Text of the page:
The infamy of petroleum’s corporate lineage is legend. In most US history courses or textbooks, the measuring stick for corporate greed and unethical largess is the Standard Oil Trust, created by the business genius John D. Rockefeller.
Its unprecedented success was taken on by Progressive reformers in the first decade of the 20th century in an effort to smash its monopoly. Its subsequent breakup by a Supreme Court ruling in 1911 is toted as marking the end of an era and a distant moment in corporate management. Right?
Wrong, answers Antonia Juhasz in her new book The Tyranny of Oil. “[T]he political tyranny exercised by the masters of the oil industry,” she writes, “corrupts democracy and destroys our ability to choose how much we will sacrifice in oil’s name.”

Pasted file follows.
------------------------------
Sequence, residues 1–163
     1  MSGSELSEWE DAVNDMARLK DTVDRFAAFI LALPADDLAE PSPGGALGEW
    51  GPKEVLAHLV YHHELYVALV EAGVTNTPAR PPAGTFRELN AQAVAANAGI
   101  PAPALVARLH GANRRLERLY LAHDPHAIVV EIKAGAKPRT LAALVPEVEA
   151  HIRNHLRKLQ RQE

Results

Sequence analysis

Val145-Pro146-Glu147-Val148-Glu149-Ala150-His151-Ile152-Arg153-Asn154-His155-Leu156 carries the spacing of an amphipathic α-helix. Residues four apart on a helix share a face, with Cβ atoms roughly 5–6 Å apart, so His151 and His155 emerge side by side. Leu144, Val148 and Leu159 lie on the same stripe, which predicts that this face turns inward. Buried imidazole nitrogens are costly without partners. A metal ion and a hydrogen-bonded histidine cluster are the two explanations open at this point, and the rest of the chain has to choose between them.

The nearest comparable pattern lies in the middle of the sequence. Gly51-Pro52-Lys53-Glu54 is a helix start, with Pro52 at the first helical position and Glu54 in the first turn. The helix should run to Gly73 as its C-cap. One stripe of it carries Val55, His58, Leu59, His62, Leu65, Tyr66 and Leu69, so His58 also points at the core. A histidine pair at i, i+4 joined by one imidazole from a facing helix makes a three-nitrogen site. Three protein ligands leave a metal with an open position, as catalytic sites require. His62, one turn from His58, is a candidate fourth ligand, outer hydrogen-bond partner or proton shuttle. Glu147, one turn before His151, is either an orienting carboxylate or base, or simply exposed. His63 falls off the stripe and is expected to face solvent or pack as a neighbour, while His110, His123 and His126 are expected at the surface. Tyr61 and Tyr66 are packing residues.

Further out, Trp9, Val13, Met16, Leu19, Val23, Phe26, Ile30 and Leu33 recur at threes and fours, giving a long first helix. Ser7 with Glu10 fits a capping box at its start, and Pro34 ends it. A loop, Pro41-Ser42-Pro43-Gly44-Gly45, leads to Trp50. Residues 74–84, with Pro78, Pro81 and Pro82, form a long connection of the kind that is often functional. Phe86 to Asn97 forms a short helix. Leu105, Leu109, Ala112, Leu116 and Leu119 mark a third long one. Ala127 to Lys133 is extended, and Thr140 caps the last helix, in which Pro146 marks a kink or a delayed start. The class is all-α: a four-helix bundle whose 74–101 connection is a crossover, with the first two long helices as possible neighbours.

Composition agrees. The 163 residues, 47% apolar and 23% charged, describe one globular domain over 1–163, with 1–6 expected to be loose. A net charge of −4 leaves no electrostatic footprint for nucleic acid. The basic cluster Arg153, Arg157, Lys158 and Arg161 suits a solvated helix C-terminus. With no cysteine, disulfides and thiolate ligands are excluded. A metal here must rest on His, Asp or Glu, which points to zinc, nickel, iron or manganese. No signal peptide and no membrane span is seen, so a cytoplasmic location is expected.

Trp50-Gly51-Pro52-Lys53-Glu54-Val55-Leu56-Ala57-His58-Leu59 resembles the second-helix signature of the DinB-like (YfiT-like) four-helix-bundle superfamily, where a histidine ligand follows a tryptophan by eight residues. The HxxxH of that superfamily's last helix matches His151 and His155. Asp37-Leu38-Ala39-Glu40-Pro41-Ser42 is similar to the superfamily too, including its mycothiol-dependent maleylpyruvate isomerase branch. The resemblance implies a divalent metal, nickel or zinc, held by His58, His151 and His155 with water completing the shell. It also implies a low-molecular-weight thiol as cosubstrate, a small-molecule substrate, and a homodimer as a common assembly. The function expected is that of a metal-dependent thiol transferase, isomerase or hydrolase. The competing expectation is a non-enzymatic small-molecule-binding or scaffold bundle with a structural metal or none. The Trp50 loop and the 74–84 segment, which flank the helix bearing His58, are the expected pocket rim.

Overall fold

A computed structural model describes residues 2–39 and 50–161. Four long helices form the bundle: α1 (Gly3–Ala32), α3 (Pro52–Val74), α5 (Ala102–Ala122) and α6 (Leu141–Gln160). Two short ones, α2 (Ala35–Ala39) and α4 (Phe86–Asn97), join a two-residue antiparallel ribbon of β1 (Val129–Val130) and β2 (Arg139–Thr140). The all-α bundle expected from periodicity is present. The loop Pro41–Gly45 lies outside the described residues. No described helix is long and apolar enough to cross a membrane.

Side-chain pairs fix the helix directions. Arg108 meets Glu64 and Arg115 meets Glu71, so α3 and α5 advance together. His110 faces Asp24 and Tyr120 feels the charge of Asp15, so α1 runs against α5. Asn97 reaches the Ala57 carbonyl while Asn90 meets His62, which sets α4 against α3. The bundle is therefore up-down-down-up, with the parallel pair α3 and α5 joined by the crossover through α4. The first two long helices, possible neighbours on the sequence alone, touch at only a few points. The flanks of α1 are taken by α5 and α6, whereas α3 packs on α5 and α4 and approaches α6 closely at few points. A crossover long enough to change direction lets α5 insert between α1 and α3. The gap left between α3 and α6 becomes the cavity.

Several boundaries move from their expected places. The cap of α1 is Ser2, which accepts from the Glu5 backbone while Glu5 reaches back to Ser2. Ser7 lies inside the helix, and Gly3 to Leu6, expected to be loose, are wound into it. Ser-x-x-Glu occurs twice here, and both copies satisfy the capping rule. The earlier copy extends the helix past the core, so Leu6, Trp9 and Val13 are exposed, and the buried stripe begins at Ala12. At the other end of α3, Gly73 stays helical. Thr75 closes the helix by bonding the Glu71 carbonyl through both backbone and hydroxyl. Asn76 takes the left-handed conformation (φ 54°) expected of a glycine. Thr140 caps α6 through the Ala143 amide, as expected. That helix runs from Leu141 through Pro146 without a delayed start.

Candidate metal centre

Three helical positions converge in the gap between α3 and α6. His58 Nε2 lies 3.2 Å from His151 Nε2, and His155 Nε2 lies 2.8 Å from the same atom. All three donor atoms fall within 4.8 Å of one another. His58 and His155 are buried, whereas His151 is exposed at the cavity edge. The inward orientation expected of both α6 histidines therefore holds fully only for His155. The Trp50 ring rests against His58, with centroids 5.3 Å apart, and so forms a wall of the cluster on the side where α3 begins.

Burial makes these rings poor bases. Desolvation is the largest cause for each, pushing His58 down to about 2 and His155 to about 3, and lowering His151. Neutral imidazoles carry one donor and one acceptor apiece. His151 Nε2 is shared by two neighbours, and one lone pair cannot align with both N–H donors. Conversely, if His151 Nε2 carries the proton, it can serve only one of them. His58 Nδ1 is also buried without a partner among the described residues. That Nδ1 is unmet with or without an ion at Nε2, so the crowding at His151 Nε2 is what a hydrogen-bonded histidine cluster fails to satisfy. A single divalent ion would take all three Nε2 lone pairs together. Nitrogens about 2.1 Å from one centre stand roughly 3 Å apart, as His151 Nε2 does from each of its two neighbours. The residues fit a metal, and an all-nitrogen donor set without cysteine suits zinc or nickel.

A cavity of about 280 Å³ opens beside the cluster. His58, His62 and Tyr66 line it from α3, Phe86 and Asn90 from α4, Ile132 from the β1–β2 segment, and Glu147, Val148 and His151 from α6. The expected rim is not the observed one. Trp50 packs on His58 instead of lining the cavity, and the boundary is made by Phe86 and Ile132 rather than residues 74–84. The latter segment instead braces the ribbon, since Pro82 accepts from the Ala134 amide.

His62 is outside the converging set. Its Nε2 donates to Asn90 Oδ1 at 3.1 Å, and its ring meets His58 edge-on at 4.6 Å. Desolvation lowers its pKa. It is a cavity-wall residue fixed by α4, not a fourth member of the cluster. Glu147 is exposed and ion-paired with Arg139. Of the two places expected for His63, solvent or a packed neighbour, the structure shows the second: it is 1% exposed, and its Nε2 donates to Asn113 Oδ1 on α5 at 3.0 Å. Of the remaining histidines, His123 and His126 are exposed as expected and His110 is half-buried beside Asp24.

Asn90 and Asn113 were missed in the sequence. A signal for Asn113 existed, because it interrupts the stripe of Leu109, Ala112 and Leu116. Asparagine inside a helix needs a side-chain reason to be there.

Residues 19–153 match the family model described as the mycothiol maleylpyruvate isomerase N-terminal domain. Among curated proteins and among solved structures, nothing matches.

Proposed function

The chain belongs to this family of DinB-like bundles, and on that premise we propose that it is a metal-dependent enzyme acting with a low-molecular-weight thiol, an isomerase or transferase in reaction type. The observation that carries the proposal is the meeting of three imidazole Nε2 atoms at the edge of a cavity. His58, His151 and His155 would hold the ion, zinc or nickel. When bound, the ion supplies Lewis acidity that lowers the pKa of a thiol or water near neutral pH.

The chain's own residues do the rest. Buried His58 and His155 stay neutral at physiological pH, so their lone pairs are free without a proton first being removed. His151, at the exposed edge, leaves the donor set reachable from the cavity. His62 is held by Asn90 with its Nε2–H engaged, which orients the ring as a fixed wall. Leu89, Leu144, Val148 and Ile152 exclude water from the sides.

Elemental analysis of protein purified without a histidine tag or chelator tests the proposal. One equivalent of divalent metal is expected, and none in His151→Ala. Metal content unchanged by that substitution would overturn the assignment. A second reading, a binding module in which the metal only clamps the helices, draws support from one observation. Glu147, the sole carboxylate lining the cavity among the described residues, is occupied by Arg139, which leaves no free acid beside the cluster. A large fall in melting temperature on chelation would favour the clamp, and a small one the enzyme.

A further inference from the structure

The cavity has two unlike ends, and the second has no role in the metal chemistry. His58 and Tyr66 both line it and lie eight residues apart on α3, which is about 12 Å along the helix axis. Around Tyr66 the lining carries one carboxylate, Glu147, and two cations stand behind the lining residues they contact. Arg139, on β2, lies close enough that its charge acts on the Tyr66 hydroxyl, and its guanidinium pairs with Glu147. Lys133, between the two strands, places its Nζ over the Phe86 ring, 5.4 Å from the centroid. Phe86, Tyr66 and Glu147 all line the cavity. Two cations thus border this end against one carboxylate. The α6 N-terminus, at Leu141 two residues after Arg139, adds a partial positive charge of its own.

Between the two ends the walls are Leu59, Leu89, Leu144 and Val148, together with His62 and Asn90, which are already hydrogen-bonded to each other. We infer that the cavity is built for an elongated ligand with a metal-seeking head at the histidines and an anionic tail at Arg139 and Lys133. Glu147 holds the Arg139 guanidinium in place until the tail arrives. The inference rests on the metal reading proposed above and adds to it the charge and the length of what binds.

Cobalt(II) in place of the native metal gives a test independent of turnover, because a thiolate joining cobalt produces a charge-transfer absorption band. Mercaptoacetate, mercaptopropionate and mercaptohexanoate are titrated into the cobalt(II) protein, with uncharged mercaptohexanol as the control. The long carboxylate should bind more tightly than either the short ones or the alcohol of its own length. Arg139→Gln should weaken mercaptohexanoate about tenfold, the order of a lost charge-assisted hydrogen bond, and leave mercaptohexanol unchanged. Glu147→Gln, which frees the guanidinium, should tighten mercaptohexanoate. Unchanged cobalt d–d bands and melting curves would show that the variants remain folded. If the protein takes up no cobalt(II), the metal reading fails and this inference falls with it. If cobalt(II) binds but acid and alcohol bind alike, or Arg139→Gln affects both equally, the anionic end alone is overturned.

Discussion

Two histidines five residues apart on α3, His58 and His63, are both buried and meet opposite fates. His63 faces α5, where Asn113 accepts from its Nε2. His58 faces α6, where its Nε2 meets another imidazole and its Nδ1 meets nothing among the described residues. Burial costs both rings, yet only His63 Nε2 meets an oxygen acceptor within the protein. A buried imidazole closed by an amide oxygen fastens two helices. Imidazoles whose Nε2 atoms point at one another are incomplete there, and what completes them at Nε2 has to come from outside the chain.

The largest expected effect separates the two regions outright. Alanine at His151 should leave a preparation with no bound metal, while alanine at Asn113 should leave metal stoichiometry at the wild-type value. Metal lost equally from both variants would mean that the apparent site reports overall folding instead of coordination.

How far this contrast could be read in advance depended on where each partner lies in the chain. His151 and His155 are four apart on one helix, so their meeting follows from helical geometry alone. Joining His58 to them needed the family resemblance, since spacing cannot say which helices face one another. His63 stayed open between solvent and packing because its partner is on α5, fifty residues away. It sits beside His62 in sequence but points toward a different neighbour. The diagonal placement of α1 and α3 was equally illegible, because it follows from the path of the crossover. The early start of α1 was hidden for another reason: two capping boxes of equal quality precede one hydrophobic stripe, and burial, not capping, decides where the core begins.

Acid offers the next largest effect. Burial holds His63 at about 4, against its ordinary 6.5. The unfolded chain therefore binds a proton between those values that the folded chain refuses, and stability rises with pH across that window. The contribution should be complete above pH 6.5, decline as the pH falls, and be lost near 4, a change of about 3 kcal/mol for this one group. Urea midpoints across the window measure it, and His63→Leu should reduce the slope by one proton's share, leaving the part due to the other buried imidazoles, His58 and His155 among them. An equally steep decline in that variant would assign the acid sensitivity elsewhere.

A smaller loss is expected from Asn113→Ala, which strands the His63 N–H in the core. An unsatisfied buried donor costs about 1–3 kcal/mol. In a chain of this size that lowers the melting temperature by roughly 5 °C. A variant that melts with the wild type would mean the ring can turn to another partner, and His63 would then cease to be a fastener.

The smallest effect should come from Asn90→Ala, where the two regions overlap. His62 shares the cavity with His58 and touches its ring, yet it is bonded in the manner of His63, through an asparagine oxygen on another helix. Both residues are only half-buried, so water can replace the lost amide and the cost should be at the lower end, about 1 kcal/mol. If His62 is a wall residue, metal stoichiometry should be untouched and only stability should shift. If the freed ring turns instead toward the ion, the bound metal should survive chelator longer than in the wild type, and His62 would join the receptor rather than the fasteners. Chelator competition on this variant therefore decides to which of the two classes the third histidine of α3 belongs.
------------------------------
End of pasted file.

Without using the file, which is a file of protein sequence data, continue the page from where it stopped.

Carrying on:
In her stark account of the dominance of “Big Oil,” Juhasz shows the industry’s graduation from the corporate bullying of Rockefeller’s era to its present political and diplomatic dominance.
If you do not wish to read that the current war in Iraq was over oil, steer clear of Juhasz’s book. She is masterly at connecting the political and corporate dots to create a clear progression that has, indeed, resulted in a nation willing to wage war over the commodity of petroleum.
Throughout most of the book’s chapters, Juhasz uses history to explain the patterns she has identified. Policy and economic historians are likely to quibble with her oversimplifications. For instance, her account emphasizes deregulation (which is swiftly becoming a buzzword for all that ails the nation) and the megamergers that occurred in the last decades of the 20th century.
Throughout, she heaps further blame on the mountain already massed against Big Oil.
And yet, by accessing corporate records and federal documents and lending to them her considerable skills as a policy analyst, Juhasz offers new credibility to most of her general arguments.